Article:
Here are two images, direct from the page of our Stratasys Fortus 900mc:
    Bcuda69 likes this.
  9. rladams65
    Joined: Aug 21, 2021
    Posts: 22


    I am about to venture down this path for a '62 Mercury Monterey. My plan is to design & print in PLA until I get a pretty good fake. Then use the PLA as a form for a silicon mold and cast the replacement in resin. Not sure what I will do about the chrome accent on the crown of the lens - either some metal paint to be done with it or cast a metal accent, chrome dip that, and then JB ClearWeld it onto the lens.

    Considering the cost of a [not very good] replacement and the crazy price for a nice example, I have plenty of space to experiment.

  10. David Gersic
    Joined: Feb 15, 2015
    Posts: 2,415

    David Gersic
    from DeKalb, IL

    Find the thread on the Ford dash “waterfall” being done as a 3D print. I don’t know if the chrome there would hold up to outdoor use, but it might give you some ideas.
  11. cretin
    Joined: Oct 10, 2006
    Posts: 2,963


    A friend of mine makes 3D printed tail light lenses. I’m not sure what filament he uses, but he prints them in clear and then he sprays them in red candy. Here is some of his work.
    D810FFE5-0541-4EAE-B026-72C93D472BDD.jpeg DE87D32B-3DED-4E64-8787-A1FAB2147C4E.jpeg 43908239-ACFA-4AE1-B829-1661A5E570A9.jpeg 25162F6A-8B17-484B-9917-5FD5948670E3.jpeg D8F2B378-917B-4DE3-82F7-A02C11F87752.jpeg 4ADE0B28-D877-42F3-8395-D55985931114.jpeg
  12. Rand Man
    Joined: Aug 23, 2004
    Posts: 3,969

    Rand Man

    My son works for a rapid prototyping firm. Like others have said, most everything that comes out of a 3D printer requires hand finish work.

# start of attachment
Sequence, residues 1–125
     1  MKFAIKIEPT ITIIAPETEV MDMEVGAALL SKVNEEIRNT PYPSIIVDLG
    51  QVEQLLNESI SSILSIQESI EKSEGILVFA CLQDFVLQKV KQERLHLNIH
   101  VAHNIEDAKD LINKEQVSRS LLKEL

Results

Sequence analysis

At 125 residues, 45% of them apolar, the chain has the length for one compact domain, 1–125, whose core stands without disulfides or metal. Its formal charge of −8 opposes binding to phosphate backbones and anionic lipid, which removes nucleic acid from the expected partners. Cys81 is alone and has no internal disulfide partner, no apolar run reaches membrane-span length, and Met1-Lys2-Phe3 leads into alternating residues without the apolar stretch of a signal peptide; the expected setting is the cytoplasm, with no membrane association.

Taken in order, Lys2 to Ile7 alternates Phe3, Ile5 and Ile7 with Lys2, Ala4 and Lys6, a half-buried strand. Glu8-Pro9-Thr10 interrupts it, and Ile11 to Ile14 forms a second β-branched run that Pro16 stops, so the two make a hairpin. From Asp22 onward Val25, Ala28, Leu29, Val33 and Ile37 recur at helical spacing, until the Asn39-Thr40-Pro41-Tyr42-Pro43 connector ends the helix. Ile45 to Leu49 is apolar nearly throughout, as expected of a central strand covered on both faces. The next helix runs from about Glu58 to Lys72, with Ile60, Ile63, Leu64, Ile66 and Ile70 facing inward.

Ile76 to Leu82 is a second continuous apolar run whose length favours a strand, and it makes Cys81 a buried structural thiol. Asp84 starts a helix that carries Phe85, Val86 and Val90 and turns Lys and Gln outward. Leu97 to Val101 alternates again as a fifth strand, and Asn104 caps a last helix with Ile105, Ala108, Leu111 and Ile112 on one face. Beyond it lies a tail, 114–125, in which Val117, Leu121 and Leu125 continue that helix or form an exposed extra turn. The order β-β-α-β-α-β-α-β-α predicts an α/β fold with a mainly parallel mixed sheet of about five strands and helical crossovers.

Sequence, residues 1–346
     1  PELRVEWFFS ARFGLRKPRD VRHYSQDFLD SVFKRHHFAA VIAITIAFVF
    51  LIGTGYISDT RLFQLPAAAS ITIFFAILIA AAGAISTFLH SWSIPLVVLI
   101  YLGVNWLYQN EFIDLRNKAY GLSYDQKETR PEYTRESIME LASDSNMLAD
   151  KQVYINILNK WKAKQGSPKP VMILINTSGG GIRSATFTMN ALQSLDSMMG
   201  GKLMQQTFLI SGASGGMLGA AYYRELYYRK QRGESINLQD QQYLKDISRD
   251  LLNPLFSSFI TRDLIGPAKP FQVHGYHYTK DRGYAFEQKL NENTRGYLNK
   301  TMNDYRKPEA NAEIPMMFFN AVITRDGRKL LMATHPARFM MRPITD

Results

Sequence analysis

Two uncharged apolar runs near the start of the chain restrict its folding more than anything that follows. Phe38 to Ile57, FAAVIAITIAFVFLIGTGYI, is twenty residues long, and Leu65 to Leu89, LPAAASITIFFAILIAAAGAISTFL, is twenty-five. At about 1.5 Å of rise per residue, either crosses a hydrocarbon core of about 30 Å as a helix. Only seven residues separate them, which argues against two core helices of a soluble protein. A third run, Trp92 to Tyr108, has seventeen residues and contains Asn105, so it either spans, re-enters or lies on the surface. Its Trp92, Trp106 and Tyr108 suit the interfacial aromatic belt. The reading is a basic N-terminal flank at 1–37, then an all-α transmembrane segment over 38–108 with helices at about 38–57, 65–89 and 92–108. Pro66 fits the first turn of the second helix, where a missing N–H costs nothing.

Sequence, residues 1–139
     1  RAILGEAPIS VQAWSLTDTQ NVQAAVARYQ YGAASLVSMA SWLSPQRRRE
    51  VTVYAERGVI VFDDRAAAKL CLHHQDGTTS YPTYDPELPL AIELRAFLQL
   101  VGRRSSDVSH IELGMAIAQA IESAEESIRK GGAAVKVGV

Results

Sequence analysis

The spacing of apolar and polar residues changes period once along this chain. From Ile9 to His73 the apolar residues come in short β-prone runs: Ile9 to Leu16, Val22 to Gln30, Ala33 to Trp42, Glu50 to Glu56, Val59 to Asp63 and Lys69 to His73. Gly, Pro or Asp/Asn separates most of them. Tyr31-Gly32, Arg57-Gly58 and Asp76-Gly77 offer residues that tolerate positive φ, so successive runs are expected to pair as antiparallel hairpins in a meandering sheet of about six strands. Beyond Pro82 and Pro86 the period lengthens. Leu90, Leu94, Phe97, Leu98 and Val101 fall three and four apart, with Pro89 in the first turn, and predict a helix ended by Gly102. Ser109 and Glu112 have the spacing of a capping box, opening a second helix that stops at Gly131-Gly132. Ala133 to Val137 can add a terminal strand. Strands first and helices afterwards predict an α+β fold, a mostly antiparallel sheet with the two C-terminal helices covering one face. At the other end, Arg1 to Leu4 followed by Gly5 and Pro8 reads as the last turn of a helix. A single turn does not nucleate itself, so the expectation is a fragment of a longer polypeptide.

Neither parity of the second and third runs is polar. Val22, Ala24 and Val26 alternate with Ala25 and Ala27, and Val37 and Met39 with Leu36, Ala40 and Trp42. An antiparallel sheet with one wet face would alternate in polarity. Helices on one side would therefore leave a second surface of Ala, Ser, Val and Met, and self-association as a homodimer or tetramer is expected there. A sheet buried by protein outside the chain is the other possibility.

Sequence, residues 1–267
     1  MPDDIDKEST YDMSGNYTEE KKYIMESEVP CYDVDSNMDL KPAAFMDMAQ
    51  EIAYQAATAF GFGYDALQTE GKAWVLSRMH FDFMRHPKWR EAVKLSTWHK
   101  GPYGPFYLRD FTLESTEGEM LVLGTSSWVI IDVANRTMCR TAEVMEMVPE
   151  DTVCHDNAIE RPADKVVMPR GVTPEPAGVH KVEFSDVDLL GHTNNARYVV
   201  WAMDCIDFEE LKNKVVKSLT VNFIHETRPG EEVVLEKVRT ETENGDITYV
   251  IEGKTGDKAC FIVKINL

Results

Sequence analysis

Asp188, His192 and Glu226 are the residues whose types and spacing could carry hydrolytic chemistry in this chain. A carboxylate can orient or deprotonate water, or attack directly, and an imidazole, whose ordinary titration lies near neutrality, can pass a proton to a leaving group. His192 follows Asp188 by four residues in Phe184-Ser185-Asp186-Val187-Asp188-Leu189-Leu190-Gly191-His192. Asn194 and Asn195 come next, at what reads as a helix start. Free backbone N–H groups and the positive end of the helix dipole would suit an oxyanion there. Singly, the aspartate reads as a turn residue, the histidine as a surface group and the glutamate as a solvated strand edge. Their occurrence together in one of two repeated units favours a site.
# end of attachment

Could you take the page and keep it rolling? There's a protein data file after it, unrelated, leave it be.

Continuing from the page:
Deuces likes this.
  13. hotrodjack33
    Joined: Aug 19, 2019
    Posts: 2,638


    Well, 3D printing isn't very traditional...but I guess having to pay $250 for a NOS tail light ain't all that traditional either...:(
    SS327, Deuces, blowby and 3 others like this.
  14. lostone
    Joined: Oct 13, 2013
    Posts: 1,746

    from kansas

    To me 3d printers ain't nothing more than another tool for us to use.

    Mig welders, plasma cutters etc ain't traditional either but we still use them everyday to build our dream cars ;)
    loudbang likes this.
  15. Beanscoot
    Joined: May 14, 2008
    Posts: 2,076


    Wow, those look great!

    Deuces likes this.
  16. Fortunateson
    Joined: Apr 30, 2012
    Posts: 4,176


    Your buddy has talent. He could do a few at a time of those that are difficult to find.
  17. abe lugo
    Joined: Nov 8, 2002
    Posts: 2,485

    abe lugo

    I like the ones above but those still needed some clean up. Or light sanding to make the clear and tint stick. A this point they are printing some cool stuff. But once again. Save up and buy the real deal. You will eventually find it at and ok price if you wait it out.
    Otherwise have a friend that can print some out and you can just spray them red tint. Nevermind having the know how to make 3D files and set them up and all that tech mumbo jumbo.
  18. Those look good. I'm guessing he's not using a machine that melts layers of filament together though.

    Inexpensive FDM printers that use spools of material are not creating parts that look like that.
    Last edited: Sep 13, 2021